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Kimberley Ellis
29 May, 2011

The Sims Medieval Review

PC Review | My kingdom is better than thine.
Throughout the eleven years of their existence, The Sims has been a series that has polarised gamers. Whether you love them or hate them, you can't deny that these little virtual beings have some serious staying power - the sheer number of sequels, expansion packs, and spin-offs that the franchise has garnered is quite staggering. Like many long-running series the biggest threat to The Sims is itself, with each new title proving to be a cookie cutter of the last, with a gimmicky feature (insert aliens, werewolves, witches and vampires here) so wacky that gamers can't resist dipping their toes into the water once more. Rather than constructing more ridiculous situations in the middle of suburbia, The Sims Medieval is steering the series in a new direction where kingdoms, castles and knights are the norm. But is it just ye olde gameplay in medieval finery? Verily, it's better than that.


Seriously, it's better than thine.

Seriously, it's better than thine.
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Simply described, The Sims Medieval is a combination of the life simulation gameplay that we've come to expect from the series with a dash of adventuring and kingdom-building strategy gaming on the side, allowing you to free yourself from the established rhythm of micromanaging a family or entire community.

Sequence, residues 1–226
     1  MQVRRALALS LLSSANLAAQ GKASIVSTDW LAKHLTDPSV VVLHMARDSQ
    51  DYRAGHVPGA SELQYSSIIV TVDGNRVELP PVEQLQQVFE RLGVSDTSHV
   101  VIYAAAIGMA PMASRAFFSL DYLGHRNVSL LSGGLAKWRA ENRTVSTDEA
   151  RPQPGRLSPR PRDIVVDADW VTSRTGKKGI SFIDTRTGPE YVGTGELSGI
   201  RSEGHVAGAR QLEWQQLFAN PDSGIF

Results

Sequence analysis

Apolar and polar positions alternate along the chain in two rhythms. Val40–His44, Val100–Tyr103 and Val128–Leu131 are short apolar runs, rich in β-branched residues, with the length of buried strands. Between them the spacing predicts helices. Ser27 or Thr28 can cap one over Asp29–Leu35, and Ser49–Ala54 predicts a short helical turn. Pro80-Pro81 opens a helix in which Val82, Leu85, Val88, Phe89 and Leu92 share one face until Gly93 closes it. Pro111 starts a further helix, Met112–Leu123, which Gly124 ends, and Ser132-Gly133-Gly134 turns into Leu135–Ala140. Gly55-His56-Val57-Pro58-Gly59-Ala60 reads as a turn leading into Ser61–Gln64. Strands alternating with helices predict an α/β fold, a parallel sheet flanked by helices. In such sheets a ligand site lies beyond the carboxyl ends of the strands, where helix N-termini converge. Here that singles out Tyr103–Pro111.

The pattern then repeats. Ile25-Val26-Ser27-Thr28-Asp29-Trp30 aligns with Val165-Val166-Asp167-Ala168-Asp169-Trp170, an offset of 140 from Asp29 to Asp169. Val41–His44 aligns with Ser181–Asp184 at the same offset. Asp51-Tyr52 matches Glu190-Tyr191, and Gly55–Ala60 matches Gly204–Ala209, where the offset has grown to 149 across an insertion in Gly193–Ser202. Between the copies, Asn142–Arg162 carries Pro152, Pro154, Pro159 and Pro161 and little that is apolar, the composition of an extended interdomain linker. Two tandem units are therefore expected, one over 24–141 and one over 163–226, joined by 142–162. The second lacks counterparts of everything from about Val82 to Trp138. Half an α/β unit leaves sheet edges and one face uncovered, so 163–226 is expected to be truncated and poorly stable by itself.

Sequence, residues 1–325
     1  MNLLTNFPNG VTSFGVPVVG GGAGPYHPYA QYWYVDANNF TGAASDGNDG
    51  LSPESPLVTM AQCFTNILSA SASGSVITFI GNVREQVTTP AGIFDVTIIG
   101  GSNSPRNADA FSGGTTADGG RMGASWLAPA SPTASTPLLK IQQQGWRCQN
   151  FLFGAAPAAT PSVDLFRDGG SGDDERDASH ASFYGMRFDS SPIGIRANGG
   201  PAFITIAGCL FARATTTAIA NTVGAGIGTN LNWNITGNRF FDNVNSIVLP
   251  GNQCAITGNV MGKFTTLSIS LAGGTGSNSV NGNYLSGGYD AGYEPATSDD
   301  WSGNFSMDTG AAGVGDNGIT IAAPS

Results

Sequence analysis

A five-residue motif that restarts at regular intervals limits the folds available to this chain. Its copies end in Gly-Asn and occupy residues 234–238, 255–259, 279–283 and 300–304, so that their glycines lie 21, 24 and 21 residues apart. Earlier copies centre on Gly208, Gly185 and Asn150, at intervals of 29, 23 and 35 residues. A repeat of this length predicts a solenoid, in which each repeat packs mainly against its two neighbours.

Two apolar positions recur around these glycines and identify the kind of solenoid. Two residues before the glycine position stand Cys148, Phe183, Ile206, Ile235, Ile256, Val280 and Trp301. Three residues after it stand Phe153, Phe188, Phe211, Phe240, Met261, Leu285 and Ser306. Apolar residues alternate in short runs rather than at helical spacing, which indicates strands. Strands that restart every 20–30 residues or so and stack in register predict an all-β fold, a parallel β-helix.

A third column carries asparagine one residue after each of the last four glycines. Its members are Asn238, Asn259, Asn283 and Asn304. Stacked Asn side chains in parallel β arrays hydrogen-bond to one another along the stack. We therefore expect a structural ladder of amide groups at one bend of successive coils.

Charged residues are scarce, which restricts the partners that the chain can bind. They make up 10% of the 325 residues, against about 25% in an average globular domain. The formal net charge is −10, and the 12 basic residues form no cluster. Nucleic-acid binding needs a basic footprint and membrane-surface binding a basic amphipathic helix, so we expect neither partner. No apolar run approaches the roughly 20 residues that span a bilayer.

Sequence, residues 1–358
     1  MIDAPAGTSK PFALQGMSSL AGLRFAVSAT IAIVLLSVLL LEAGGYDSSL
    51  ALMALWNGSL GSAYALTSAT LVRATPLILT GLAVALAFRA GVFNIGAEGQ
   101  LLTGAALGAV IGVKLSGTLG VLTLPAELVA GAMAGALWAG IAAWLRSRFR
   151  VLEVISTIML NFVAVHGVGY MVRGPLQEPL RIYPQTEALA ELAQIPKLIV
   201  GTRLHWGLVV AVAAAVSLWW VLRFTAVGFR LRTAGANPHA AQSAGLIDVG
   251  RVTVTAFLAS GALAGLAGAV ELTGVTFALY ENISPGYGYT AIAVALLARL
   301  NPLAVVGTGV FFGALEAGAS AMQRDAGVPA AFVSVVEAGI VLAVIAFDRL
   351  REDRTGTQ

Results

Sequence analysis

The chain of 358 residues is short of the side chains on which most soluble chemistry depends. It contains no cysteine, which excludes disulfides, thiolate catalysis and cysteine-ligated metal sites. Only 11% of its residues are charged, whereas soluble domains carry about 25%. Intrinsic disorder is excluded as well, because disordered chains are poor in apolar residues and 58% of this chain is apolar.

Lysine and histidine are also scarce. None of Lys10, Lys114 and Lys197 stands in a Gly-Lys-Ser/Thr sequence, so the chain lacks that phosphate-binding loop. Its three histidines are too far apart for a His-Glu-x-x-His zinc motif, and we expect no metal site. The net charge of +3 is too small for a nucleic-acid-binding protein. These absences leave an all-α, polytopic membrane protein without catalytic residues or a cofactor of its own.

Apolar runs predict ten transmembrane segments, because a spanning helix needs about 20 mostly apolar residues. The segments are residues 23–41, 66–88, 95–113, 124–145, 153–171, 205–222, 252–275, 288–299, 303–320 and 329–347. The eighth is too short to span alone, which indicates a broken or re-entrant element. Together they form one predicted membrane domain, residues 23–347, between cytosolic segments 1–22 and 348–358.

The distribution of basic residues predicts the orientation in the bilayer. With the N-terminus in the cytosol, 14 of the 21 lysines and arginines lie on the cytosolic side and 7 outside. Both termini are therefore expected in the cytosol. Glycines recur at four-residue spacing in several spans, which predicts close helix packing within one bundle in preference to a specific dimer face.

The Sims Medieval starts off by allowing players to create a monarch to place in your kingdom. As you level up your monarch, you unlock the ability to build additional structures in your kingdom such as barracks, churches and clinics. Not only do these additional buildings pimp out your castle, they serve a purpose by adding new controllable heroes into the game. These 'Hero Sims' can then be used to complete short, story-driven quests which then provide you with further points to unlock new structures and quests.

Each Hero Sim can be quickly selected using a preset build in the character creator tool, or players who want to give the game a more personal touch can create their own heroes from scratch using the robust character creator. In addition to their physical appearance, Hero Sims each have two traits and one fatal flaw to manage. These behavioural traits can drastically affect how your Sim will behave in the world, and how difficult it will be for you to reign their behaviour in. For instance, Sims affected by the fatal flaw of Gluttony are seemingly always ravenously hungry and you'll find that they will have to polish off double the amount of food as Sims without this flaw. While this certainly adds to the challenge of the title, stopping even five minutes to stuff your Sims guts can get pretty tiresome. We've found that the other flaws that don't have anything to do with eating or sleeping are so much easier to manage.


My mulled wine brings all the knights to the yard.

My mulled wine brings all the knights to the yard.
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Thankfully, traits and flaws don't always introduce a new challenge to the game. Some of them exist simply for comedic reasons and we must admit that the unexpectedness of it all can prove to be quite amusing. If left alone to their own devices, lascivious Sims will easily be distracted from their task as they try to score with every bard, trader and lusty bar wench that crosses their path. Evil Sims will have random moments of maniacal laughter, while unkempt Sims will fart in your general direction.